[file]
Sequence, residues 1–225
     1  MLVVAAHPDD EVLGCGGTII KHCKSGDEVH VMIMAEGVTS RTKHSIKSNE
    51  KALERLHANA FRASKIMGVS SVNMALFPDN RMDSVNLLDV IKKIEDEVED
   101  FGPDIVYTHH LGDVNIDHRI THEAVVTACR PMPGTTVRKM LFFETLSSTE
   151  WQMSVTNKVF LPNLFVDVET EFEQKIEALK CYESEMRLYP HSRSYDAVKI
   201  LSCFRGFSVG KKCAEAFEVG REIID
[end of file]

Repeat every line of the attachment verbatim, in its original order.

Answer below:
Sequence, residues 1–225
     1  MLVVAAHPDD EVLGCGGTII KHCKSGDEVH VMIMAEGVTS RTKHSIKSNE
    51  KALERLHANA FRASKIMGVS SVNMALFPDN RMDSVNLLDV IKKIEDEVED
   101  FGPDIVYTHH LGDVNIDHRI THEAVVTACR PMPGTTVRKM LFFETLSSTE
   151  WQMSVTNKVF LPNLFVDVET EFEQKIEALK CYESEMRLYP HSRSYDAVKI
   201  LSCFRGFSVG KKCAEAFEVG REIID